"Sit over there," Jacobson said as he motioned to a chair on the other side of a long table, directly across from him. "I'm going to tell you I'm innocent, and I want to look you in the eye when I say it. The pain's so bad I can't turn my head to see you if you sit anywhere else."
It was Bobby Frankel who had led me to Attica and Jacobson. Frankel had worked alongside Jacobson when he was just breaking in as a trainer, and knew Buddy's sister, Rita Costello, who was still trying to marshal an appeal of her brother's conviction. Costello asked Frankel if he knew any journalists who might revive the case.
"Look," Frankel said to me one day at Hollywood Park, "I don't know if he did it or not. That's up to you. But if you want to go back there and visit Buddy, I think Rita can help set it up."
Before I left Los Angeles, Jacobson sent me a typewritten note that read: "Drop in anytime. I'm always here." He signed it Howard Jacobson, Prisoner No. 80a3899.
I flew into Buffalo and drove the 50 or so miles to the little village of Attica. It was early January and there was snow on the ground and more falling. The prison's high walls and cold exterior were intimidating. I had the feeling that winter wasn't the only time the sun didn't shine at Attica. Willie Sutton, Mark David Chapman (who murdered John Lennon) and H. Rap Brown of the Black Panthers had been billeted there. In 1971, at a time when prisoners were allowed one shower a week and one roll of toilet paper a month, there was a four-day riot at Attica that left 39 dead.
A bus took me from a distant visitors' parking lot to the front gate. The only other passengers were a handsome, well-coiffed woman and her young son. I don't know where she got them, but she carried a plastic bag filled with the biggest avocados I've ever seen. She told me they were for her husband. Without asking, I knew he wasn't inside because he tore up too many parking tickets.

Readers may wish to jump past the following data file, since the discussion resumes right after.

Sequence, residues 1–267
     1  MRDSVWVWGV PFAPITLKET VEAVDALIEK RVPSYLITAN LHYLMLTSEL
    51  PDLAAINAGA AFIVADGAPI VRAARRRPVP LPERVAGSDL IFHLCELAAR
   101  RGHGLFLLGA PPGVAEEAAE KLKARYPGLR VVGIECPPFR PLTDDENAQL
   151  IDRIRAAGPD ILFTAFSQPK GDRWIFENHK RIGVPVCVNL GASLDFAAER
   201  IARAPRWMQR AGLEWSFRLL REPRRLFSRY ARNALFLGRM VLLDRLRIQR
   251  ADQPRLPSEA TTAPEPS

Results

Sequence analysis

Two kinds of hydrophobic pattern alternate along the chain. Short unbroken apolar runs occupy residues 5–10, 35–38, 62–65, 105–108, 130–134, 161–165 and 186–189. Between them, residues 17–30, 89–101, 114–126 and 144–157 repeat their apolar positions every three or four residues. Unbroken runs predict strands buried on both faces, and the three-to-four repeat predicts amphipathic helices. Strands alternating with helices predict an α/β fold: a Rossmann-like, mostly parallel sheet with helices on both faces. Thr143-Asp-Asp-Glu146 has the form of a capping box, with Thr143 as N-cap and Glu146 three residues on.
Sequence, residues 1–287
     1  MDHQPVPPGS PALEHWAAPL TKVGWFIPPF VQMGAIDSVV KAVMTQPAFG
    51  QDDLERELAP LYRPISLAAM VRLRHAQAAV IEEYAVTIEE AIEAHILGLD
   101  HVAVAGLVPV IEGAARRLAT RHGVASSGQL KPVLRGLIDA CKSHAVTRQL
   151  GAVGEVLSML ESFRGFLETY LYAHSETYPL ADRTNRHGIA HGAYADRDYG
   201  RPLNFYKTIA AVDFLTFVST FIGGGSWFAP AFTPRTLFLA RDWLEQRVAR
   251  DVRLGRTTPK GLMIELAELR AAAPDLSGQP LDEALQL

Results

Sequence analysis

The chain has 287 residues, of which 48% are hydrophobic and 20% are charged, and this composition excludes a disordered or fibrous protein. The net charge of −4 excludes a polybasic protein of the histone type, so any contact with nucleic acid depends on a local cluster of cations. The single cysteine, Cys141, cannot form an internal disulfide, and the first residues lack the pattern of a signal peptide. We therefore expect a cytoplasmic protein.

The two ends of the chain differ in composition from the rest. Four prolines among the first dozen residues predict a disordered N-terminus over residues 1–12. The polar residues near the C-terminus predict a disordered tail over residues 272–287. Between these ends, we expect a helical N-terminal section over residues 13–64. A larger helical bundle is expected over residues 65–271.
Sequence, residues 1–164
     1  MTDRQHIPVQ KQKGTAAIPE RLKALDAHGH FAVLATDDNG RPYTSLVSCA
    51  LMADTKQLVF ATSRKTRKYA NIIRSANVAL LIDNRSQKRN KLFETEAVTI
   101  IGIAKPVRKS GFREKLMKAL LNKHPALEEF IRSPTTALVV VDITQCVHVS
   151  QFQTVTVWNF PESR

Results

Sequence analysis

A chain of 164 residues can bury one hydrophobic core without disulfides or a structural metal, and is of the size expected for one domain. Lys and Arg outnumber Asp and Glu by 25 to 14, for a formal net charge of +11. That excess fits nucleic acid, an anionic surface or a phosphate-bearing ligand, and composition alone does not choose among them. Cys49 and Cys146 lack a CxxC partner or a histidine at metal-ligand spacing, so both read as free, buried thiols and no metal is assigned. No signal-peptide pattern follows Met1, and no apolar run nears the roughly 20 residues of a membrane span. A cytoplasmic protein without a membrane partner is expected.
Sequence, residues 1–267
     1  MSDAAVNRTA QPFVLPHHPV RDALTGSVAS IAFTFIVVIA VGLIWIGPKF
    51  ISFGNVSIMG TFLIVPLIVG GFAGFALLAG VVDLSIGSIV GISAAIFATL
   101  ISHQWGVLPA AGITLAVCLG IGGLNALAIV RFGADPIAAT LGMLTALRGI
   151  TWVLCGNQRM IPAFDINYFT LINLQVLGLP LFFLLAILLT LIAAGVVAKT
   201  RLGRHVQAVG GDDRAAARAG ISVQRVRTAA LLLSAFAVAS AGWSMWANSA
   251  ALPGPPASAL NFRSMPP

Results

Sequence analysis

At the metal checkpoint, I took off my shoes, emptied my pockets, and passed through without any problem. The woman went through several times, and kept setting off the alarm. One of the guards suggested that she might have to go into a private room and take off her bra, but another guard said: "Lady, you wearing any bobby-pins?" She was, and when she removed them, that fine do collapsed faster than a bad souffle. Her husband would like the avocados, but hate the hair.
I had never met Jacobson, whose three uncles, including Hall of Famer Hirsch Jacobs, were trainers. Between 1963 and 1965, Buddy saddled 509 winners, mostly claiming horses, and five times he led all New York trainers in wins. Jacobson wore his wrong-side-of-the-tracks persona on his sleeve, once irreverently said that if it were kangaroo racing he'd be claiming kangaroos instead of horses, and in 1969 led a strike of lowly backstretch workers over pensions that closed down Aqueduct for nine days. Not long afterward, a ticky-tack suspension in Maryland, and a beef with an owner over the sale of a horse, brought on a 45-day suspension, which stretched out to five years when the New York tracks repeatedly denied him stalls. Jacobson left the game, sold his farm and ran the money up in Manhattan real estate. He lured Melanie Cain, ripe for a Svengali, away from the Ford agency, and with the My Fair Lady agency that they formed, Jacobson's stable was transformed into models and airline stewardesses who lived in some of his buildings.
"I loved every one of them," Jacobson told me in that room at Attica. A small man, he was about 170 pounds, heavier than when he worked at the track, but still wore a droopy black mustache. Before he had been sentenced, while confined to the Brooklyn House of Detention, Jacobson shaved off the mustache and he and a bartender friend, Tony DeRosa, engineered a bold escape that took him all the way across the country to California. DeRosa, who bought a Vermont ski lodge from Jacobson a few months before a winter bereft of snow, was forgiven the mortgage and owed Buddy a favor. He posed as a lawyer and smuggled a gray tweed suit into the prison. Jacobson put it on, added a necktie and somehow walked out the front door.
"The signature of your visitor had to look the same going out as it did coming in," Jacobson told me. "I practiced (DeRosa's) signature hundreds of times, to get it just right. But when I got to that book at the door, my hand was shaking so bad that all I could make was a wavy line. But they still didn't stop me."
Running down Atlantic Avenue, Jacobson bumped into a woman with a shopping bag and knocked the contents all over the sidewalk. He instinctively stopped to help her pick everything up.